Blooms of specific gut bacteria may trigger lupus flares, study suggests

Researchers found lupus patients had more instability in gut microbiomes

Marisa Wexler, MS avatar

by Marisa Wexler, MS |

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Blooms in the growth of a specific species of gut bacteria, called Ruminococcus blautia gnavus or RG, may trigger disease flares in people with lupus, a new study suggests.

“Our findings provide the strongest evidence to date that silent growths of Ruminococcus blautia gnavus are tied to active serious renal [kidney] disease in lupus patients,” Doua Azzouz, PhD, the study’s first author at NYU Grossman School of Medicine, said in a press release.

The study, “Longitudinal gut microbiome analyses and blooms of pathogenic strains during lupus disease flares,” was published in the journal Annals of the Rheumatic Diseases

Lupus is characterized by flares or relapses, where symptoms suddenly worsen. The causes of these disease flares are poorly understood.

Here, researchers investigated whether changes in the gut microbiome — the community of bacteria and other microorganisms that make their home in the human digestive tract — were associated with lupus flares.

The study included 16 women with lupus who were monitored for flare activity over the course of several months to years. During follow-up, a total of 44 stool samples were collected from the patients, and the researchers used genetic analyses to assess the species of bacteria within the samples. For comparison, they also analyzed stool samples from 22 female volunteers without lupus, who were similar to the patients in demographic background.

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Lupus patients experience ‘blooms’ of bacteria

Results showed lupus patients tended to have more instability in their gut microbiomes than people without the disease. Lupus patients commonly experienced “blooms,” where a specific type of bacteria would suddenly grow to substantial numbers.

In analyzing these changing dynamics and their relationship with disease activity, researchers noticed that blooms of the RG bacteria were seen during disease flares in four of the nine patients who had lupus nephritis, a severe complication of lupus characterized by kidney damage and inflammation. One patient who did not have lupus nephritis also experienced a bloom of RG during a disease flare of multiple joint inflammation.

By comparison, RG abundance showed “remarkable stability” over time for people without lupus, the researchers wrote, adding that these data suggest “that RG blooms can contribute to the clinical pattern of relapsing-remitting disease activity that occurs in many lupus patients despite close clinical monitoring and treatment.”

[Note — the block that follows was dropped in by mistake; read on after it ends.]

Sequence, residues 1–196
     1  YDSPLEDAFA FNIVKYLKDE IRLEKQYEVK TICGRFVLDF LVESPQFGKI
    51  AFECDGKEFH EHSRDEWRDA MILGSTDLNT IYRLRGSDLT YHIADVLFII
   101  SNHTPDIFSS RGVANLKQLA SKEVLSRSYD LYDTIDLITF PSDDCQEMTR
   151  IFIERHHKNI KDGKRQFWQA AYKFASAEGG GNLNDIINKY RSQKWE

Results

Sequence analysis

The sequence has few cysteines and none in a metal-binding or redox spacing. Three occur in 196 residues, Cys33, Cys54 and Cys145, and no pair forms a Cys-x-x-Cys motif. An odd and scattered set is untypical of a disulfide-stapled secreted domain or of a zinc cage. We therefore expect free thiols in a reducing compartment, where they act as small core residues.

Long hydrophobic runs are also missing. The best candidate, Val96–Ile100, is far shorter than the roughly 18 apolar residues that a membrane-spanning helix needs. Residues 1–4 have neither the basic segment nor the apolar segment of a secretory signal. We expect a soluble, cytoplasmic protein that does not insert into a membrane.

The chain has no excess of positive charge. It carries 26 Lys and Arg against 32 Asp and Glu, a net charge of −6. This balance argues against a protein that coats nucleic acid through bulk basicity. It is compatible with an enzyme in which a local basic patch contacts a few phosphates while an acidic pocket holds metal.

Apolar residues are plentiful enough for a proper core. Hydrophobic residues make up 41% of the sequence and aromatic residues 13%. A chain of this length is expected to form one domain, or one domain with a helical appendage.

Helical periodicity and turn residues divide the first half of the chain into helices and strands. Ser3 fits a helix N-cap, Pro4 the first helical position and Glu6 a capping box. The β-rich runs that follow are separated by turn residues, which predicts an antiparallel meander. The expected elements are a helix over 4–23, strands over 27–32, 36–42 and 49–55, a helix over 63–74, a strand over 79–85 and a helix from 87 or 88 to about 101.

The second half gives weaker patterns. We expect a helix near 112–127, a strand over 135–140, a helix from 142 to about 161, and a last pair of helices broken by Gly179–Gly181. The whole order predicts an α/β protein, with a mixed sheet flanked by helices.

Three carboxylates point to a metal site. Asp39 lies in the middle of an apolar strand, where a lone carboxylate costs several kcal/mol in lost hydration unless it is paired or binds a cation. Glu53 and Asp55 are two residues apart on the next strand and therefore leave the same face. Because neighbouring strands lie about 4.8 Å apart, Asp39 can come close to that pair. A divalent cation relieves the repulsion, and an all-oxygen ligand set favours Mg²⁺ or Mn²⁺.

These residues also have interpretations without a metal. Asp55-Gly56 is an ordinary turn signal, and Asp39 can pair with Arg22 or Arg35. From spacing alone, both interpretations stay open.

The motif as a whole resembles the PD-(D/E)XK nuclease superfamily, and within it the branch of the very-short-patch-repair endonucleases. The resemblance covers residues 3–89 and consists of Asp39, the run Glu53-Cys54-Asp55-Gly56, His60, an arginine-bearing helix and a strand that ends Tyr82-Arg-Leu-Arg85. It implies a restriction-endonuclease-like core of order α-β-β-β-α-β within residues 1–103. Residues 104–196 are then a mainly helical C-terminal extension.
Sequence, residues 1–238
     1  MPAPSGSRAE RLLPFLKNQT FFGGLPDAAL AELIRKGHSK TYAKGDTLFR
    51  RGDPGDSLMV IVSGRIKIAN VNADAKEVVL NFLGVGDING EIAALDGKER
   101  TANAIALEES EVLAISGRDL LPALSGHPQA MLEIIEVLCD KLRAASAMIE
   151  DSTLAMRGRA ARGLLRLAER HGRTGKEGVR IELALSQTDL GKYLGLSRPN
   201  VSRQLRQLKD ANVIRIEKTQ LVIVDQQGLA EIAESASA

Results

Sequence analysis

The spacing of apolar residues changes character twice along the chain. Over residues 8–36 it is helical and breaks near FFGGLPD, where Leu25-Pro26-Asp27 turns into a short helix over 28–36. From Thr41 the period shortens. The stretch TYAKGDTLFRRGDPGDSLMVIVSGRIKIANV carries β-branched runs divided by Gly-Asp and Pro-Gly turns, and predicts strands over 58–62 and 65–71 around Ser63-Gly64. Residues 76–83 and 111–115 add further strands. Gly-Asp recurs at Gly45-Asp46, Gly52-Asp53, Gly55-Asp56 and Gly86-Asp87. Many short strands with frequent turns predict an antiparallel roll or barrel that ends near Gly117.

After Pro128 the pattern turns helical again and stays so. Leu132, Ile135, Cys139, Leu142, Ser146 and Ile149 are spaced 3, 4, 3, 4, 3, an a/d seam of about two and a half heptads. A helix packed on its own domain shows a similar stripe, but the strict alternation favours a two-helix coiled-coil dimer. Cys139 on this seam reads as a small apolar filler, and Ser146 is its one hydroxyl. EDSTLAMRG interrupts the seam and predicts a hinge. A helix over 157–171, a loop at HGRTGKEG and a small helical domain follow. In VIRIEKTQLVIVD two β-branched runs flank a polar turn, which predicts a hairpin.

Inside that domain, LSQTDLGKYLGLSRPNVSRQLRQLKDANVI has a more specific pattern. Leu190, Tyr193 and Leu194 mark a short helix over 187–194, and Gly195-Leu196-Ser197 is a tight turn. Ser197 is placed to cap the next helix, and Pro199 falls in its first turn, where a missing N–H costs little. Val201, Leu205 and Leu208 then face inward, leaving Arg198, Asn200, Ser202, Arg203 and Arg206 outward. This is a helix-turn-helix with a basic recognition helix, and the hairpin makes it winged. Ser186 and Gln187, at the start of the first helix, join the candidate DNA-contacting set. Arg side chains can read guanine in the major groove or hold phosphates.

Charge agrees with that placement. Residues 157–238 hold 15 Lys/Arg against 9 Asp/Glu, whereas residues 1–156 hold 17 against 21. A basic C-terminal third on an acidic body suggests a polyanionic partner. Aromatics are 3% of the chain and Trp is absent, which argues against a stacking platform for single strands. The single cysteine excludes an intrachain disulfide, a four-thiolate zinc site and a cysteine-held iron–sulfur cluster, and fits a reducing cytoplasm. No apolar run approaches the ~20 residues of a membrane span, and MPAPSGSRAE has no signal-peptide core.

Researchers isolated RG bacteria from some of the samples collected during flares for further analysis. Genetic tests showed that these bacteria expressed many genes that have been previously found in bacteria from people with inflammatory bowel disease (IBD), another chronic autoimmune disease. The team speculated these genes might make the bacteria better suited to thrive in an environment with more inflammation, which occurs in both lupus and IBD.

Bacteria could trigger activity in immune system

Though these findings suggest RG blooms occur at similar times as lupus flares, particularly those associated with kidney disease, researchers noted these bacteria live only in the intestines, so they aren’t directly causing disease worsening. Instead, the team postulated the growth of RG bacteria might trigger activity of the patient’s immune system, which in turn leads to lupus worsening. In line with this idea, researchers identified antibodies that could react to components of the RG bacteria in some lupus patients.

The team stressed further research will be needed to validate this small study and expand on the mechanisms. They also noted some flares occurred in the absence of a RG bloom, so while these bacteria may be responsible for some flares, they definitely aren’t the only cause. Still, the team says these findings support the idea that better understanding the connection between gut bacteria and disease flares could open new avenues to treat lupus.

“Our goal is to use our growing understanding of the biological pathways that underpin the disease to develop new treatments that prevent or treat flares for all forms of lupus,” said Gregg Silverman, MD, professor at Grossman School and co-author of the study. “Such future treatments for lupus, especially lupus nephritis, could potentially decrease the use of drugs designed to dampen the immune system and instead promote the use of less-toxic antibacterial agents, probiotics or dietary regimens that prevent imbalances such as Ruminococcal blooms in the local gut bacterial population.”